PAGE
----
“[T]he truth is that as a country, we don’t always see their families, our heroes on the home front,” Mrs. Obama said at the April launch event. “These families have appealed to us, like a military mom who wrote to me and said, ‘Please don’t let Americans forget or ignore what we live with.’”

In January, the administration called on government agencies to better address issues in employment, housing, and education affecting the nation’s 2.2 million service members and their families.

(Post reblogged from ff4equality)

Not a story, but I figured you would appreciate it. Power point distributed by the Air Force for repeal of DADT training:
You don’t have to post it like this, ask wouldn’t let me send links, you know.


Thank you! - Kris

Delay DADT Repeal? Pentagon Says No

By Andrew Harmon


House Armed Services Committee chairman Rep. Bud McKeon and Rep. Joe Wilson have asked for a delay in “don’t ask, don’t tell” repeal, set for September 20, because the committee has not received a summary of policy changes on benefits and other matters, they write. 

“The Department is not ready to implement the repeal because all the policies and regulations necessary for the transition are not yet final,” the two Republican congressmen wrote in a letter dated September 12. “We would ask that the senior military leaders’ memoranda immediately be made public and transmitted to the Committee on Armed Services.” (Fox News has a report and link to the letter here.)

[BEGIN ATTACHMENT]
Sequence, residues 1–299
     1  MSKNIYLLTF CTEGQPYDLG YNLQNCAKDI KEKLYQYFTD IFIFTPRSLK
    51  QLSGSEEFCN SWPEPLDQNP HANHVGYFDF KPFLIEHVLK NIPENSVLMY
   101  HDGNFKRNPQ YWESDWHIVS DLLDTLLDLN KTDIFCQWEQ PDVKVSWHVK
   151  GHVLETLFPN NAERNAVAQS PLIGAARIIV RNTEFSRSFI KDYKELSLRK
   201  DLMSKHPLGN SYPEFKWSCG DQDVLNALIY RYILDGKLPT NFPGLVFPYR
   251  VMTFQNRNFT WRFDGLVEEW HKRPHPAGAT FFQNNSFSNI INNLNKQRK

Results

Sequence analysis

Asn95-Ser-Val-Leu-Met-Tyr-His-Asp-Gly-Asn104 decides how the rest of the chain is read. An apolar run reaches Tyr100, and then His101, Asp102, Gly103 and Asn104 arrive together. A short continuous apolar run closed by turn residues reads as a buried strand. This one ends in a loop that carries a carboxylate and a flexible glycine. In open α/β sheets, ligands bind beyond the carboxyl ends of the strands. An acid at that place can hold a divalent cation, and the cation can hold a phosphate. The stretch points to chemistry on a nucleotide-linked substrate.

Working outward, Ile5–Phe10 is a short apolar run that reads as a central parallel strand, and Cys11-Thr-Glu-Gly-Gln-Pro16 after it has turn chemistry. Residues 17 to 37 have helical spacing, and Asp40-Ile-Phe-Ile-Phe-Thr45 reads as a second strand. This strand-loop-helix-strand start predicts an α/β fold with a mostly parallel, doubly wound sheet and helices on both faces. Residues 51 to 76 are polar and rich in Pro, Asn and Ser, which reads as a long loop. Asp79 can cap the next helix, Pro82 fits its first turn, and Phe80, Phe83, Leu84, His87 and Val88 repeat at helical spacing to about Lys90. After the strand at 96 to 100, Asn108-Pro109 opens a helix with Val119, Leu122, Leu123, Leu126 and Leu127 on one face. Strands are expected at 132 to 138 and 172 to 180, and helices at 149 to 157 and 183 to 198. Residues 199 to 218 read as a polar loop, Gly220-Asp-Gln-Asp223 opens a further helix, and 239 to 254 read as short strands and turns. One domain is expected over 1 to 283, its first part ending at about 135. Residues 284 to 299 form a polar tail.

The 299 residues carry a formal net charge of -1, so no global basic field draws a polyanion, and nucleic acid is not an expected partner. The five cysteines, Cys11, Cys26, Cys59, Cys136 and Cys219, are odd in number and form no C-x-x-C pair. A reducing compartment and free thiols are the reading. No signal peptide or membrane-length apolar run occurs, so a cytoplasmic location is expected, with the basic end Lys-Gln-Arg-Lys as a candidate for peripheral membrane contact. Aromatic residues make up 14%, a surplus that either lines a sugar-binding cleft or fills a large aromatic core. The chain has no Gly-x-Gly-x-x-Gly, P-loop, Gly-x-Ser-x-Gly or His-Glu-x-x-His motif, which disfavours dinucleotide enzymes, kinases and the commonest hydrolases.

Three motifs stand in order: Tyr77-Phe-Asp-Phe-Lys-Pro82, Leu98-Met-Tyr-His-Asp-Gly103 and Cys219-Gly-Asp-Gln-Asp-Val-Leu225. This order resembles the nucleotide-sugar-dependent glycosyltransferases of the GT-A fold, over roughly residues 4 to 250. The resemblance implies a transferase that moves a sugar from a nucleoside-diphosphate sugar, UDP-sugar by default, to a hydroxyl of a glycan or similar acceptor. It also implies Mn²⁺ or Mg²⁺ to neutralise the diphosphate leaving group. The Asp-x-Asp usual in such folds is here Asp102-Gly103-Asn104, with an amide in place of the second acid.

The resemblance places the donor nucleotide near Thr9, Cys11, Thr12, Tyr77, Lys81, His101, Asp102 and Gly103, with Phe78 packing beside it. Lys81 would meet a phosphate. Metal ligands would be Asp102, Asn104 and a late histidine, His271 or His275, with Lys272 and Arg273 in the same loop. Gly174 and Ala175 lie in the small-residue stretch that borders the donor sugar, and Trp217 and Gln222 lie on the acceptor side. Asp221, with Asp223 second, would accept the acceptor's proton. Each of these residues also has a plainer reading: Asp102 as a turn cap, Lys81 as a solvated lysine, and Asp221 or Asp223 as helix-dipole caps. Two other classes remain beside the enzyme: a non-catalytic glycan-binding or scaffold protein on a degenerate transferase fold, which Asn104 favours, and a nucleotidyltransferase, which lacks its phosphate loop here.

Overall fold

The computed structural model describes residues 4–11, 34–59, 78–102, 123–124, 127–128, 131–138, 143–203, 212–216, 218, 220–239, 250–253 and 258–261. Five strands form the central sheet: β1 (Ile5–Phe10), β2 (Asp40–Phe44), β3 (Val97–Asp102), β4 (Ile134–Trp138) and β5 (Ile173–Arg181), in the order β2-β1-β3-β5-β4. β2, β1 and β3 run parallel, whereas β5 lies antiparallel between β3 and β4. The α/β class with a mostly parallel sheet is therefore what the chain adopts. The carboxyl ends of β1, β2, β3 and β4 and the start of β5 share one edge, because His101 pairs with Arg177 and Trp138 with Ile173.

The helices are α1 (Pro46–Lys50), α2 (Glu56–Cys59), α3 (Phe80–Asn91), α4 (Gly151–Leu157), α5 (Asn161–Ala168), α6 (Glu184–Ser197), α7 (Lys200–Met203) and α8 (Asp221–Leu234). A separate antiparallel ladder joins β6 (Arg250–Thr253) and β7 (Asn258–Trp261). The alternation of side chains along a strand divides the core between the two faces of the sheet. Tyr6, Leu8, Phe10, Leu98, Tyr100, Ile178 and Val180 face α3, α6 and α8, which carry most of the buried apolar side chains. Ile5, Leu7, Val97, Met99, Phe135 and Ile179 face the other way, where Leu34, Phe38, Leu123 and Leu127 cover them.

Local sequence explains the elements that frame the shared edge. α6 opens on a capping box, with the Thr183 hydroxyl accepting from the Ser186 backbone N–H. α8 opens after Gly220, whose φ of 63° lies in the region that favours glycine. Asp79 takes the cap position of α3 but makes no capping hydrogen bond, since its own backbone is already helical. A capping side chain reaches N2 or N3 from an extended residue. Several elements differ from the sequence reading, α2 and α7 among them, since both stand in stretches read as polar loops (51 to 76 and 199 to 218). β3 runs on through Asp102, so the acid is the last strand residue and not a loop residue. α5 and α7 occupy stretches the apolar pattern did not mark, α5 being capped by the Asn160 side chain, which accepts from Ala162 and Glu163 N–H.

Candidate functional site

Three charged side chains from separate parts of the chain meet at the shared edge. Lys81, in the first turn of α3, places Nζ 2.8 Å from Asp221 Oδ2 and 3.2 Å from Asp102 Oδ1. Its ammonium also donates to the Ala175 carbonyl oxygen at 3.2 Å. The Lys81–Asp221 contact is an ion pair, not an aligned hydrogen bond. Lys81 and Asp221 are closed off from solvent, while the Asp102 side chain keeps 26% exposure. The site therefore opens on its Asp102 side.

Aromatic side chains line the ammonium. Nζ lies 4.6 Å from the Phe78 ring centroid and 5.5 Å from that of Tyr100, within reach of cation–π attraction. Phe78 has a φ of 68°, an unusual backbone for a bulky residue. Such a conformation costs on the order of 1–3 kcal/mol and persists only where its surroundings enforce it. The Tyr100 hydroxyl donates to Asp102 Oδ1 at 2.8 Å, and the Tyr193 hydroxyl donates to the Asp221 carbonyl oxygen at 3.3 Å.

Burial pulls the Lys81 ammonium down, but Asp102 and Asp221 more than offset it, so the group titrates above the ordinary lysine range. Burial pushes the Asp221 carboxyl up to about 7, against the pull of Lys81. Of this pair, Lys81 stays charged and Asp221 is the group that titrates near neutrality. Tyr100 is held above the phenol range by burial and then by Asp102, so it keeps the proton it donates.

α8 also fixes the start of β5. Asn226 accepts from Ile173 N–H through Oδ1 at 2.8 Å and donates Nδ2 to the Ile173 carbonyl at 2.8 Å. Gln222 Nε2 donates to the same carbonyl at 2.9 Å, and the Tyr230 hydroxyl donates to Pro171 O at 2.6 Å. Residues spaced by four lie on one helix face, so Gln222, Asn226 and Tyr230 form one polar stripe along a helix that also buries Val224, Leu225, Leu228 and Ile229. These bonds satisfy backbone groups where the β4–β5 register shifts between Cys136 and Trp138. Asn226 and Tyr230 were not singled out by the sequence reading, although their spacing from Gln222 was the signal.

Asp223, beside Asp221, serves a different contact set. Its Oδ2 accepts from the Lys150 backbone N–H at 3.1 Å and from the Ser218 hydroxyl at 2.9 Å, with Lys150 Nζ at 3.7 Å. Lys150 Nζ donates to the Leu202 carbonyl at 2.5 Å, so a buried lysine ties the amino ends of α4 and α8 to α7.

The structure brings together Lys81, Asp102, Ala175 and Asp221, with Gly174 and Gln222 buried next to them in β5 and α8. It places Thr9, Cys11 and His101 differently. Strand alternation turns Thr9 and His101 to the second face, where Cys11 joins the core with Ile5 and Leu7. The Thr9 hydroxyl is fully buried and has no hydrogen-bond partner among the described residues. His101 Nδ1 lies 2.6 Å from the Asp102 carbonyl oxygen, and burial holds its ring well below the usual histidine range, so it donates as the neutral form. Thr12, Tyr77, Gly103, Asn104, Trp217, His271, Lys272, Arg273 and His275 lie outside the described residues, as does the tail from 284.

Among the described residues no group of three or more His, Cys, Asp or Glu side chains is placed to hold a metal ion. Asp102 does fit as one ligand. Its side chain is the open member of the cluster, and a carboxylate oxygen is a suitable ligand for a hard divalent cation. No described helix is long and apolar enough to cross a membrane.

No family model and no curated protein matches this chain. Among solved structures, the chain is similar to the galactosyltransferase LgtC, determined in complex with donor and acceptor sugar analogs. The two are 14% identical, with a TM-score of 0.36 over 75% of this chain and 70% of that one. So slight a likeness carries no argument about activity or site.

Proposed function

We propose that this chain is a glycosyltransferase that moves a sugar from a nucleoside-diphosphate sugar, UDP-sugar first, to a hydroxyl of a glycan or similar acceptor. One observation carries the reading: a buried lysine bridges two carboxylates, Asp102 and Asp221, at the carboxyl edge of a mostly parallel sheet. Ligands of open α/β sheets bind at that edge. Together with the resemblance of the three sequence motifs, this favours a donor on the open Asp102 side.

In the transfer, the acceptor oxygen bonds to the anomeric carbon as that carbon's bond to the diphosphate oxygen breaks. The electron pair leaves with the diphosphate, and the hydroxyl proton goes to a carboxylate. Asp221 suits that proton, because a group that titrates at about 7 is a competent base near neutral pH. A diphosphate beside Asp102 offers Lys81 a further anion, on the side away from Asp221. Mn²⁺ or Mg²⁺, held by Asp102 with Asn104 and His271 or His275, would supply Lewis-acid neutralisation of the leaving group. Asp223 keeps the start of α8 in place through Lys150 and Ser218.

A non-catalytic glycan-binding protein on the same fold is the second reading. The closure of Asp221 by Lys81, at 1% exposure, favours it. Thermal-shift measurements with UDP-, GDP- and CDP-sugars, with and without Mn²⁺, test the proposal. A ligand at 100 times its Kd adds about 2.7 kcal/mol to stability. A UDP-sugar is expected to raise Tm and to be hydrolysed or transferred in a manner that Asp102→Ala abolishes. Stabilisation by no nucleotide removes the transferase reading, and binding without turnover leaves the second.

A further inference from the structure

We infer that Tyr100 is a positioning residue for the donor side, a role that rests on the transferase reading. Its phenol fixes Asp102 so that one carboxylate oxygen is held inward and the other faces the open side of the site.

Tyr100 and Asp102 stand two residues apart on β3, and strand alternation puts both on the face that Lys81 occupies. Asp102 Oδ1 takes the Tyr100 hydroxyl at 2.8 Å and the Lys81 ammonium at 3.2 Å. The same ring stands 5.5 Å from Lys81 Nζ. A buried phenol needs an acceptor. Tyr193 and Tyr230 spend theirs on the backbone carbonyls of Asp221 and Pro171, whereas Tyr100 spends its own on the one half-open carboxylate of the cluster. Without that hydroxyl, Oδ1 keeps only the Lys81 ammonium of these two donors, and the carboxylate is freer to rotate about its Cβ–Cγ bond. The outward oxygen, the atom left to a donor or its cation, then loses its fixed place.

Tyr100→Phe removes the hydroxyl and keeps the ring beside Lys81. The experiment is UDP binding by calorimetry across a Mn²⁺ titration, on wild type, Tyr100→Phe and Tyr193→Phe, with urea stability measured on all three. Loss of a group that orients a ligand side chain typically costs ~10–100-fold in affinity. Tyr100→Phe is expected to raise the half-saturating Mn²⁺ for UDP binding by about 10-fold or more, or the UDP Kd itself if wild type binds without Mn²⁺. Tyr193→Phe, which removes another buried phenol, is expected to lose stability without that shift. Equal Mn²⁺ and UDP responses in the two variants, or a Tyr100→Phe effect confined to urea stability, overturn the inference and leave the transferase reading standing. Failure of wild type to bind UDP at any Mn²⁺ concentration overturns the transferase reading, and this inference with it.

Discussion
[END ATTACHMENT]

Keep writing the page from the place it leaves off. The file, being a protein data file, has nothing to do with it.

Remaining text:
A Pentagon spokesman confirmed that the repeal date will stand, however. 

“The repeal of ‘don’t ask, don’t tell’ will occur, in accordance with the law and after a rigorous certification process, on September 20,” the Pentagon spokesman said. “Senior Department of Defense officials have advised Congress of changes to regulations and policies associated with repeal. We take that obligation seriously.”

Update: Servicemembers Legal Defense Network executive director Aubrey Sarvis issued the following statement on the letter from McKeon and Wilson:

“This is another example of the hardcore opposition attempting to delay or undo ‘don’t ask, don’t tell’ repeal. I expect they will continue to look for openings to deny gay and lesbian service members the same rights and dignity as their straight counterparts. On the substance, Mr. McKeon and Mr. Wilson are simply wrong. The statute only requires that the new regulations be prepared — not issued — before certification.”